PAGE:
Horses have been in my life for a half century – in my heart and soul for even longer. When I was ten I was not a highly skilled rider, but there was something about me that prompted my instructor to put me on a scared and mentally damaged Thoroughbred mare, quite fresh off the track. From that mare I learned how empathy and patience can accomplish things that dominance and bullying never can.
I spent much of my youth living at poverty level. I was blessed that my mother recognized the value of horses in my life, and we both mucked stalls to pay for my lessons. When we finally had some extra money, we acquired a car first, followed by a horse – and we have not been without horses in our family ever since.
I have been exposed to a broad range of riding disciplines – from eventing to roping. For me, it has always been about the horse – the activity is secondary, and must suit the horse not only physically but mentally.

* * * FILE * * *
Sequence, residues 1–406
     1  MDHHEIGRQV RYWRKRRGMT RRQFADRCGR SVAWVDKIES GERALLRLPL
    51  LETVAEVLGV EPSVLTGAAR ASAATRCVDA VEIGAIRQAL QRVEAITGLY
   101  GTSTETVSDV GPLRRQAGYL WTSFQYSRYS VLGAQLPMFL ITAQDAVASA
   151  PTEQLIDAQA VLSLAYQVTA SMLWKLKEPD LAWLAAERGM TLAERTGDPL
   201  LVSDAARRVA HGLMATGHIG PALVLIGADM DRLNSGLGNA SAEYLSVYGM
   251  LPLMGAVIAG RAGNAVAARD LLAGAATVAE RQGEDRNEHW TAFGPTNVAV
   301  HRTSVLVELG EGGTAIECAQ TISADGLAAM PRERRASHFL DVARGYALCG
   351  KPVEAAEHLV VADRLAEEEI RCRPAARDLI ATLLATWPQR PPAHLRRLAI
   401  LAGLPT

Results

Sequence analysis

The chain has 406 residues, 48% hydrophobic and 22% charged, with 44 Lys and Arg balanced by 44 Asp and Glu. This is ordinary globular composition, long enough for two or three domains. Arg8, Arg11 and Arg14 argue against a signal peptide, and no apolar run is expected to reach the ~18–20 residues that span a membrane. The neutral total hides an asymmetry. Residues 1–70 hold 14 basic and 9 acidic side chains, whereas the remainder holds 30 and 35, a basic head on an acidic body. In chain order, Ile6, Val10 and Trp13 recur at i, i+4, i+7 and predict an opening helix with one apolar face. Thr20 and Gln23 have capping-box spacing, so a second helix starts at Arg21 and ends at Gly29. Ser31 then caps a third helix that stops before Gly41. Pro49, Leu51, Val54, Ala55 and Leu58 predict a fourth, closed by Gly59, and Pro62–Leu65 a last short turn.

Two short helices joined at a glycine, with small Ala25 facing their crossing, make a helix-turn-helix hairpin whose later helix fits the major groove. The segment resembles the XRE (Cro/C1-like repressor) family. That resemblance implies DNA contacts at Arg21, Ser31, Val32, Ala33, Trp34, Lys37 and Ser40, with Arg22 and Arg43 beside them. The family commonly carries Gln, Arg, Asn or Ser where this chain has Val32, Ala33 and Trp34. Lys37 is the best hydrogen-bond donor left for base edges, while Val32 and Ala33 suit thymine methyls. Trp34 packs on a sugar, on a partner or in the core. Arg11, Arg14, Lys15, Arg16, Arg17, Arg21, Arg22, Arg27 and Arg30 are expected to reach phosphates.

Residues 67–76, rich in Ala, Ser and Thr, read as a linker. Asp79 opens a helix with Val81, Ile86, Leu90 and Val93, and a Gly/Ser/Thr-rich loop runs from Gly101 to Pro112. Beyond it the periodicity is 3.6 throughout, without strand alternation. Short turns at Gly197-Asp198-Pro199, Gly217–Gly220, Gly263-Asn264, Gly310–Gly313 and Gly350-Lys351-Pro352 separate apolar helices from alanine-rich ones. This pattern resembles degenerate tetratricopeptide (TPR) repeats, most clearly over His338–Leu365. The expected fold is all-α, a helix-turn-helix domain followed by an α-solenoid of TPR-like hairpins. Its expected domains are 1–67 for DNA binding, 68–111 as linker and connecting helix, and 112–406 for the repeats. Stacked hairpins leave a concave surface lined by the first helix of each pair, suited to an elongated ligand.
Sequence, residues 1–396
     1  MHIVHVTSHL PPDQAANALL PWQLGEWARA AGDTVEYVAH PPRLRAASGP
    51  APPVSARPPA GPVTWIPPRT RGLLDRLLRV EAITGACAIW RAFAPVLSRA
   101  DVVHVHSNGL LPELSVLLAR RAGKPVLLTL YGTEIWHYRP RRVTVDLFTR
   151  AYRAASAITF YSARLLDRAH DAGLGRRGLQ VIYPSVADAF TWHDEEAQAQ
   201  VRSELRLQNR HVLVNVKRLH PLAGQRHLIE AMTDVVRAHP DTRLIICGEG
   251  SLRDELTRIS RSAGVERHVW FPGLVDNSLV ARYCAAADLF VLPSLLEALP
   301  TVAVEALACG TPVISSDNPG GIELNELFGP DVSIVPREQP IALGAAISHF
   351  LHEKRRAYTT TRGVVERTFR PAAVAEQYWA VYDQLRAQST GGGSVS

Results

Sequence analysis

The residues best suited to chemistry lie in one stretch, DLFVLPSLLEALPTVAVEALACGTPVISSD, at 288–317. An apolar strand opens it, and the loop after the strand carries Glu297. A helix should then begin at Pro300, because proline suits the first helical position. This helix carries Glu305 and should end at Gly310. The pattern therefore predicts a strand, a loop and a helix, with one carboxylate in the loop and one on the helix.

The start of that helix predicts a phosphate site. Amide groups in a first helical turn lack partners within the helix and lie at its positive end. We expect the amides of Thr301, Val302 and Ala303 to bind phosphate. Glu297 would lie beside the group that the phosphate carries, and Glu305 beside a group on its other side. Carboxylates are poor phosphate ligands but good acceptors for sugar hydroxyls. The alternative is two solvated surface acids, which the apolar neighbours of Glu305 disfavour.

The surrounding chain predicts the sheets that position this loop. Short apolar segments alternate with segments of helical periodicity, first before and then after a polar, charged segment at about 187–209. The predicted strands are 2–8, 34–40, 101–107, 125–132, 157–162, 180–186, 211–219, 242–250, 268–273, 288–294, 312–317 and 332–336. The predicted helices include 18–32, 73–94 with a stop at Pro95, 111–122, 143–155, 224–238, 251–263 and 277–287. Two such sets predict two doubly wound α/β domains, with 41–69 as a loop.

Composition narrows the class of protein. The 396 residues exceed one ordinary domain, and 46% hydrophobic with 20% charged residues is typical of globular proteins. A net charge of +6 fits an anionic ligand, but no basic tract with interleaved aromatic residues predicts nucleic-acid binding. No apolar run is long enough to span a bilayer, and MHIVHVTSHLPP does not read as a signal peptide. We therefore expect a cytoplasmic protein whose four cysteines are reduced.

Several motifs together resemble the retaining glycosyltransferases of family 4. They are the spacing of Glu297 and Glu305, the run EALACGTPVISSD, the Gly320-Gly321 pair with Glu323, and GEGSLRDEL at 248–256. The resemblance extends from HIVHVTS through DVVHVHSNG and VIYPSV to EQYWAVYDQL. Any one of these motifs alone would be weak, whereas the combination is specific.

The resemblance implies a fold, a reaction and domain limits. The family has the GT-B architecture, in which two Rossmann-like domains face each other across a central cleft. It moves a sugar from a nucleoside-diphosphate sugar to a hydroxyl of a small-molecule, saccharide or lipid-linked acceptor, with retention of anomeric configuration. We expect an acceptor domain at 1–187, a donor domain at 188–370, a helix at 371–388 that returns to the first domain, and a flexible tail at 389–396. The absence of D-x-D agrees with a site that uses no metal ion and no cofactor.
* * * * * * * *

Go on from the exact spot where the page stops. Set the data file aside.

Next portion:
As for the discipline that most suits me – that is Dressage. I fell in love with it through a few mentors who believed in it as a solid foundation for any discipline. Two were Dressage trainers/judges, and two were hunter/jumper trainers – but you could hardly tell their core training principles apart. Sadly, today’s competitive Dressage bears little resemblance to the systematic, empathetic, methodical training I was exposed to.
I have worked with a wide range of equines – from Arabs to Mustangs to highly-bred Warmbloods. I have gained the trust of the wild, and rebuilt trust in those who long ago gave it up. I have taught ranch horses to be “natural jumpers” and ex-racehorses to be model trail horses. I do not have Olympic medals to my name – but I have five decades of befriending every horse I work with. My goal in life, and with this blog, is to pass along the knowledge I’ve gained, share some anecdotes, and review books that will enrich your life with horses. I hope that readers of this blog will find it helpful in their own journey to being an educated rider on an educated horse!